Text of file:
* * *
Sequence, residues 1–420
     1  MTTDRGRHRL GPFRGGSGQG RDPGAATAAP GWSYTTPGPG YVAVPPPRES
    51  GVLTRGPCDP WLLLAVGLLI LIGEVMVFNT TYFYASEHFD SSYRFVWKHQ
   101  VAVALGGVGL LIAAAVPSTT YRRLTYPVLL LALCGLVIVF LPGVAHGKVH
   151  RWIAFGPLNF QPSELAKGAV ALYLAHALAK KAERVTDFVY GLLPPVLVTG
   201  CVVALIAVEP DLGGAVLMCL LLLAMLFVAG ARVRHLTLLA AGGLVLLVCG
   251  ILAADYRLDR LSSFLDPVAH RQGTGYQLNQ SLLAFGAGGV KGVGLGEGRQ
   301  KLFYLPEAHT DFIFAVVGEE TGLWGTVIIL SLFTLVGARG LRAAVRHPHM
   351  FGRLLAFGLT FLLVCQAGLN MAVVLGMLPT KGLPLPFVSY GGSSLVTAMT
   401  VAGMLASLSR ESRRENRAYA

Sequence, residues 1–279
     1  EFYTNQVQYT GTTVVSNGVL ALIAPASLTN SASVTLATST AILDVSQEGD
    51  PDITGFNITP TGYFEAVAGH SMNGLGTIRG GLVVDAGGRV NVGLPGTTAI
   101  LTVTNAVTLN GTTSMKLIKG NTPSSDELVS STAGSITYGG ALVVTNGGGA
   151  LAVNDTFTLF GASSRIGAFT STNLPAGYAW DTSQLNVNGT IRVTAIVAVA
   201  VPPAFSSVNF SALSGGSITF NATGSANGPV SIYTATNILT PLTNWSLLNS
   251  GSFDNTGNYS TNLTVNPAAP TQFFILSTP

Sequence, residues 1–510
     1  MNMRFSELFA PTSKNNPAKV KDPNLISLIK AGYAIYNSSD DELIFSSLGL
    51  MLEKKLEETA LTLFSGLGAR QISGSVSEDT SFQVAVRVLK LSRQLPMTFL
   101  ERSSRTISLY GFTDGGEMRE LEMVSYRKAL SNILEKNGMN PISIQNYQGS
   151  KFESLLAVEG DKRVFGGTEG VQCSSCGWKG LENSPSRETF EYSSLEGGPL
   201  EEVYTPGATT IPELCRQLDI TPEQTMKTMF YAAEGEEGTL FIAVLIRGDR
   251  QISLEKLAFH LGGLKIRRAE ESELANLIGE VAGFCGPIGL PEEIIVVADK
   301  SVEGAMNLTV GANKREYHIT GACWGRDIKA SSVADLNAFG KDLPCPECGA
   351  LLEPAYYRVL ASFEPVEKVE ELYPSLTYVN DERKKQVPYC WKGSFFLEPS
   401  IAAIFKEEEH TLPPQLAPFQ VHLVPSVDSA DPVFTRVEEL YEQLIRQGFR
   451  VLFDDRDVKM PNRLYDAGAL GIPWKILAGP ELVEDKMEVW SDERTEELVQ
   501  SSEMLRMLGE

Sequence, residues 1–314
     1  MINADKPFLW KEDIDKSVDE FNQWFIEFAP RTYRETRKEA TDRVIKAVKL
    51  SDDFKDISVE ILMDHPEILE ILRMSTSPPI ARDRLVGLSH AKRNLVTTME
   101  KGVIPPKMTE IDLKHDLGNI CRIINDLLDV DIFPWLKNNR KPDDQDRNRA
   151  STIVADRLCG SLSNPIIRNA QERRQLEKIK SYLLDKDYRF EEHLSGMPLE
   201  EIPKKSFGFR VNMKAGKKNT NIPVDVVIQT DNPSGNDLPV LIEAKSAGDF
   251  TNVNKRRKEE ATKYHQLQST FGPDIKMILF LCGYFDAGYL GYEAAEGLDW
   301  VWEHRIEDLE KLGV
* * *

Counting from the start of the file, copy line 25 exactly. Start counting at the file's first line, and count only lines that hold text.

   301  SVEGAMNLTV GANKREYHIT GACWGRDIKA SSVADLNAFG KDLPCPECGA